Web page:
Wednesday, November 19, 2014
Imagine flagging down a police officer on the street and asking him or her to come to your home because you're having a problem. Now let's say that problem was that you needed a light switch flipped or an air conditioner turned on because your faith doesn't allow you to do that during your Sabbath.
For the more than 60,000 Orthodox Jews of Lakewood, these seemingly simple tasks can be violation of the rules of their faith. How police are being taught to address these customs was one of a number of issues addressed Thursday during the Ocean County Prosecutor's third Bagels, Lox & Cops event at Lake Terrace in Lakewood.
"It's very important that we understand various people's cultures and their religion," Ocean County Prosecutor Joseph Coronato said. "It's important that we're able to communicate with people. We need to do more of this."
Coronato was among a number of Ocean County police organizations that was attended the event, which included members of the Lakewood and Brick police. The event, along with efforts made by Lakewood police, have helped foster a cooperative relationship between the Orthodox community, which makes up more than half the city's population, and the police.
"They've made the officers much more culturally sensitive to the customs and practices of the Orthodox citizens of Lakewood," Lakewood Police Chief Robert Lawson said. "There could be something involving an arrest situation, or a where we have victims involved, they'll do things differently and they will be very accommodating to the Orthodox population because of those things."
The event addressed how Orthodox community strictly adheres to the rules of the Jewish faith including rules for keeping food kosher, observing the Sabbath along with well-known Jewish holidays such as Passover and Hanukah, as well as addressing the potential handling of a body at a crime scene or during an autopsy. The strict adherence to these rules can turn simple tasks such as driving home into awkward situations for police officers who do not understand the culture.
"If you're stuck driving on the highway [at sundown on Friday], an individual will pull his vehicle to the side of the highway and not go any farther," Lakewood mayor Rabbi Menashe Miller said.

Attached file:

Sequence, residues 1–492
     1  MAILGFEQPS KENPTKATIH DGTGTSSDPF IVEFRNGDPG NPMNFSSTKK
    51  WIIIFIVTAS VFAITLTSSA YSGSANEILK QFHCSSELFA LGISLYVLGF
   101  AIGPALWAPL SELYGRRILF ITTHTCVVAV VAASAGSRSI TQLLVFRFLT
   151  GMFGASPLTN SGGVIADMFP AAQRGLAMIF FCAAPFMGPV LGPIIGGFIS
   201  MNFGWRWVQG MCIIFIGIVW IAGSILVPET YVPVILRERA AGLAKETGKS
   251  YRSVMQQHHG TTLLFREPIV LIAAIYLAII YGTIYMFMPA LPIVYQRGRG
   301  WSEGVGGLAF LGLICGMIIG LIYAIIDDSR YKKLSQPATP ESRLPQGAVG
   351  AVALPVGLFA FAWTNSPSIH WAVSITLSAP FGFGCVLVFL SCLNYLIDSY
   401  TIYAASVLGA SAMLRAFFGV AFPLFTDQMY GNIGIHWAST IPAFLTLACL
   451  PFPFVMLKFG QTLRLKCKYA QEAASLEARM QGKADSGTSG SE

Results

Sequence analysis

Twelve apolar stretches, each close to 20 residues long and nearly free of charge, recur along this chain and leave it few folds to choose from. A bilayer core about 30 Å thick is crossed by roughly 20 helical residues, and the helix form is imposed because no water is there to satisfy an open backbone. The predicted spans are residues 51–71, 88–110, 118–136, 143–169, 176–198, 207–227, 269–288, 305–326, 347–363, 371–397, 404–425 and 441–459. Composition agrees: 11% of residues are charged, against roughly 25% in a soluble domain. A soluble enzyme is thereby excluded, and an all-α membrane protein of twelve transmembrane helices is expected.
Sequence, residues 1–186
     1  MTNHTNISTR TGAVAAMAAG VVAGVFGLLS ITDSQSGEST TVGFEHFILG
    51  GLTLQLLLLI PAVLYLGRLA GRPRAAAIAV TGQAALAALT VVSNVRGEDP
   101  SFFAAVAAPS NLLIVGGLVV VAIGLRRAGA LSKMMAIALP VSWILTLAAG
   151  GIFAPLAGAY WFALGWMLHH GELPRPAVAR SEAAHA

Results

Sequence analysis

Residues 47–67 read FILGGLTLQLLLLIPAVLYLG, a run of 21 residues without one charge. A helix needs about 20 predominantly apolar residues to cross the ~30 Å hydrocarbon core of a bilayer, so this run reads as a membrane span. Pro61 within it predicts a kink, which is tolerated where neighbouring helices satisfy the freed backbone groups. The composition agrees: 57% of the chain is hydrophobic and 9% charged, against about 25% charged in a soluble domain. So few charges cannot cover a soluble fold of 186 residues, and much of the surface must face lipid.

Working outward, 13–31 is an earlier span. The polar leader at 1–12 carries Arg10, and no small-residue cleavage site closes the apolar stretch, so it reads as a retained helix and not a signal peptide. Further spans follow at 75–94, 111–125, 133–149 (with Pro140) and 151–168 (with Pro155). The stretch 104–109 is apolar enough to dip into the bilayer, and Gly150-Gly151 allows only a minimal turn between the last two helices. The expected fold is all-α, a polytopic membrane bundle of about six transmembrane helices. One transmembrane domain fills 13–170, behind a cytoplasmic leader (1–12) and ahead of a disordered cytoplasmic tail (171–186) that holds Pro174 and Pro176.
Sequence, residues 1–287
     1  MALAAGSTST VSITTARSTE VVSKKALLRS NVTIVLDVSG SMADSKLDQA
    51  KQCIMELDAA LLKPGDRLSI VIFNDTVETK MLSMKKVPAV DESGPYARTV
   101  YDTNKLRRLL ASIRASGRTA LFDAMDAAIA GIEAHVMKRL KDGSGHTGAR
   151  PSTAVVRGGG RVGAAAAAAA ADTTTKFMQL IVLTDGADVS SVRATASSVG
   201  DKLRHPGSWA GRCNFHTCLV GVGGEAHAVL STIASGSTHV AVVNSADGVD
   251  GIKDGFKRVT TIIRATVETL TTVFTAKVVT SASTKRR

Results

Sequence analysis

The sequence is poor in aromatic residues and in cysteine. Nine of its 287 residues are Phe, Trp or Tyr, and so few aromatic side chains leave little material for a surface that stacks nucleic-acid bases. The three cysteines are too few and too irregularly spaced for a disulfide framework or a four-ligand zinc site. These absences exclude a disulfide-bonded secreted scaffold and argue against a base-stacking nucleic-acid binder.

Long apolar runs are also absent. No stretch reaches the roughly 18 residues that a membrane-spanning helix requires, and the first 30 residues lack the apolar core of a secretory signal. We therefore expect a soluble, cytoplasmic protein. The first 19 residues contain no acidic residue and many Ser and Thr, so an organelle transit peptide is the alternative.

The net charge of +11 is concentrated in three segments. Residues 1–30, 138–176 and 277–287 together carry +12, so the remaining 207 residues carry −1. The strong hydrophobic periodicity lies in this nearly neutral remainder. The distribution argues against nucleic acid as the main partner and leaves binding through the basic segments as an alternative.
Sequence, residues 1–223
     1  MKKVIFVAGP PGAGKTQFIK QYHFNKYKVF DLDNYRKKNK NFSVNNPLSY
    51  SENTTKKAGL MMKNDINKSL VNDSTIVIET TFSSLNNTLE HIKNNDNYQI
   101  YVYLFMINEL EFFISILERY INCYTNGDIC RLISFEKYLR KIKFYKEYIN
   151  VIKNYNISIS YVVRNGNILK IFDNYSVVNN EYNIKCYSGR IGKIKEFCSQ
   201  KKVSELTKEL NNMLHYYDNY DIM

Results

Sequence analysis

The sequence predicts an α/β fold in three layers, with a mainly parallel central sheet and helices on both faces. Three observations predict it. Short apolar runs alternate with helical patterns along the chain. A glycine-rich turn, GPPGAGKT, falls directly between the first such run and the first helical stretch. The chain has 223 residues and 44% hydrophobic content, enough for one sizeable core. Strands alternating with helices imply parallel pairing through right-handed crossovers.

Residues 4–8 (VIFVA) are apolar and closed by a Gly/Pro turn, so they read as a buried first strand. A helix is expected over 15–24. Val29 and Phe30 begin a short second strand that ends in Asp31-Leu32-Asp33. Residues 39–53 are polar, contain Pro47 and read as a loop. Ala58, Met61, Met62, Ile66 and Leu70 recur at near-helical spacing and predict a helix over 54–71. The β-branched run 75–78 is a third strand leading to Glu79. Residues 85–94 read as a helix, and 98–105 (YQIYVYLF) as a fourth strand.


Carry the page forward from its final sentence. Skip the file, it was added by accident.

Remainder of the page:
Orthodox Jews cannot drive a car — save for cases of life and death — during the 25 hours of the Sabbath, which begins at sundown every Friday and lasts until one hour after sundown on Saturday. Often, members of the Orthodox community have called police in order to handle seemingly routine tasks such as changing batteries in hearing aids and turning lights on and off because it is akin to starting or extinguishing a fire, which the rules of the Sabbath prohibit.
"He cannot transgress in the violations that we have for the Sabbath," Miller, a chaplain in the Air Force, said. "I'll never forget being in Lakewood Township and being in front of an officer and someone flags him down and asks 'could you come to my house and turn on my light switch? He says 'turn on your light switch? I'm a police officer' and of course we rectified that. It just took a little sensitivity."
In Lakewood, the police department has taken the step of training its officers for special situations such as this. Lawson said that the members of the Orthodox community will help train officers.
"I encourage community policing where if they're riding around during a holiday or during the Sabbath and someone is requesting to give them assistance, I encourage officers to do that," Lawson, the city's top cop since 2003, said. "Whether it be turning on a light switch, an air conditioner, or going to a drug store to get medicine for a young child that's sick.
That's the kind of community services that I encourage the officers to assist with," he said. Lawson joined the department in 1981 and has seen Lakewood change considerably in the last 33 years with the growth of the Orthodox community and has seen the area adapt to the shift.
"As chief, I've tried to change the culture of the police department to be more friendly," Lawson said. "Not only to the Orthodox community, but the various cultures in Lakewood, whether it be Latinos, African-Americans and I've reached out to leaders of those communities and built relationships with them."
Lawson said that while there has been training for the officers, which included members of the NAACP, the city has never had a program on the scale of Bagels, Lox & Cops, at least not yet.
"I've reached out to leaders of those communities and I've established relationships with them," he added, "and I've had them come in and give talks to these officers and sensitize them to the issues of all the ethnicities and races in Lakewood."
Comments: Post a Comment